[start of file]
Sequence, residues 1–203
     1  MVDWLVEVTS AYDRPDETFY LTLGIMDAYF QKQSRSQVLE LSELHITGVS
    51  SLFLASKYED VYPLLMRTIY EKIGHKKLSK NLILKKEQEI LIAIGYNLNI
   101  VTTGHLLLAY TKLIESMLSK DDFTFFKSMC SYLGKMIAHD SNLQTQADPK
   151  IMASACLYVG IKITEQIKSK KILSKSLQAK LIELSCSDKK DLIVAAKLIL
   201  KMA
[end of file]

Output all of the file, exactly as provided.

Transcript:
Sequence, residues 1–203
     1  MVDWLVEVTS AYDRPDETFY LTLGIMDAYF QKQSRSQVLE LSELHITGVS
    51  SLFLASKYED VYPLLMRTIY EKIGHKKLSK NLILKKEQEI LIAIGYNLNI
   101  VTTGHLLLAY TKLIESMLSK DDFTFFKSMC SYLGKMIAHD SNLQTQADPK
   151  IMASACLYVG IKITEQIKSK KILSKSLQAK LIELSCSDKK DLIVAAKLIL
   201  KMA